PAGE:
His comments followed the PM’s announcement in the House of Commons that restaurants, pubs, hotels and hairdressers will be allowed to reopen in England from July 4 and that the 2m distancing rule would be reduced to 1m plus.
Mr Johnson said the Government’s aim was that businesses and activities including theatres, nightclubs, orchestras and choirs should be able to restart ‘as soon as possible’ - provided they were Covid-safe.
However, the Prime Minister failed to give any signal regarding a potential date or timetable that would allow the UK music industry - which generates £5.2 billion a year for the UK economy and sustains 190,000 jobs - to get back on its feet.
In response to the Prime Minister’s statement, Mr Kiehl said:
‘While it’s welcome news that social guidelines are being eased for other sectors, many parts of the music industry are still urgently awaiting clarity from the Government.
‘Thousands of people who work in the music industry, which generates £5.2 billion a year for the UK economy, are struggling to survive and many businesses will go to the wall unless we get the vital support needed to get the music business back on its feet.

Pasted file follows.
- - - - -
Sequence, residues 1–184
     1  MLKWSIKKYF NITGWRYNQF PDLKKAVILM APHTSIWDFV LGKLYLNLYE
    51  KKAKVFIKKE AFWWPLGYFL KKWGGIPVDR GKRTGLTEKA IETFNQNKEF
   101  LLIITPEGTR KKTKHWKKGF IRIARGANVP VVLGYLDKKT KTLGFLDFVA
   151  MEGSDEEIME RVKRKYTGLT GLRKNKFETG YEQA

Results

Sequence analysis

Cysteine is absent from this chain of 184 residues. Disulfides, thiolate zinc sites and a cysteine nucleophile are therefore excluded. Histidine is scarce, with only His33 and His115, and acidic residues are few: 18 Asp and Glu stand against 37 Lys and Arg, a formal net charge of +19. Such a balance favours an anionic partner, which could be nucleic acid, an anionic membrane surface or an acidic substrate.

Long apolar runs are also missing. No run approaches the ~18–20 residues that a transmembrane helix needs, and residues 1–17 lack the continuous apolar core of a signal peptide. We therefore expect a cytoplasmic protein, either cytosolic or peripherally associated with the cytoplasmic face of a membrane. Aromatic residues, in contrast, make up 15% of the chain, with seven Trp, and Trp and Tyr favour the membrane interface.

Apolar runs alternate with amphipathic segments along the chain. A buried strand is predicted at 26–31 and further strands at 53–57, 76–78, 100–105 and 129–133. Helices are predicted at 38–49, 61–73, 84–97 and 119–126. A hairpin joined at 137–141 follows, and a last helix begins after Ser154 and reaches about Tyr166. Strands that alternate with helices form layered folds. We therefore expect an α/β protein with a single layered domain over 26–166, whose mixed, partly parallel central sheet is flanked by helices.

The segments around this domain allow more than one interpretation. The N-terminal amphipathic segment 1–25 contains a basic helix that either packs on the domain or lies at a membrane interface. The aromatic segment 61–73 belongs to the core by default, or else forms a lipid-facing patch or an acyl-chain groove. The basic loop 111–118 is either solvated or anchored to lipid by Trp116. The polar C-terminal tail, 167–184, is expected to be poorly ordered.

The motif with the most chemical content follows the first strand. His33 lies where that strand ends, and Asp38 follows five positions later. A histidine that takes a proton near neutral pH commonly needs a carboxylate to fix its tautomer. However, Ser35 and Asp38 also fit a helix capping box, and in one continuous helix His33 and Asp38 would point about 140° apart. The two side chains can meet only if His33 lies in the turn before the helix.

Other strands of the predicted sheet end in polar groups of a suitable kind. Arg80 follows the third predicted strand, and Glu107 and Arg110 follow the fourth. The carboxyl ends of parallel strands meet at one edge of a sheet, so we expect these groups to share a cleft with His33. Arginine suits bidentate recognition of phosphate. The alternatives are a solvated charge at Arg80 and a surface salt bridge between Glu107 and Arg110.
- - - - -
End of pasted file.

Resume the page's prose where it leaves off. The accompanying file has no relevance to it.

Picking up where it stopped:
‘There is a real risk that music will be left swinging in the wind unless the Government moves quickly to agree a detailed plan with the sector to reopen.
‘We cannot afford for music which is so culturally, socially and economically important to be treated like some kind of forgotten relative while so many other sectors are being given a blueprint for them to emerge from lockdown.
‘With much of the financial support from the Government tapering to an end over the next few weeks, the music industry urgently needs to know what financial help will be available to support businesses survive while they remain closed.
‘Live music needs VAT relief on future ticket sales which would amount to a lifeline worth up to £300 million to the sector over a 12-month period.
‘July 4 is now in people’s calendars as the day when many other businesses will re-open. The music industry needs a clear timetable and a target date for when all elements of the sector can join the legions of businesses now planning for the future and looking forward to getting back to trading.
‘If the UK Government does not provide swift and well-targeted support to the music sector, we will see venues close for good, thousands of job losses, as well as the loss of irreplaceable musical talent and technical skills - even if the industry is able to return to economic viability.
‘The absence of live music has left a huge hole in the lives of millions of music lovers and temporarily deprived tens of thousands of people of the livelihoods. We need to move towards a place where we can once again let the music play.’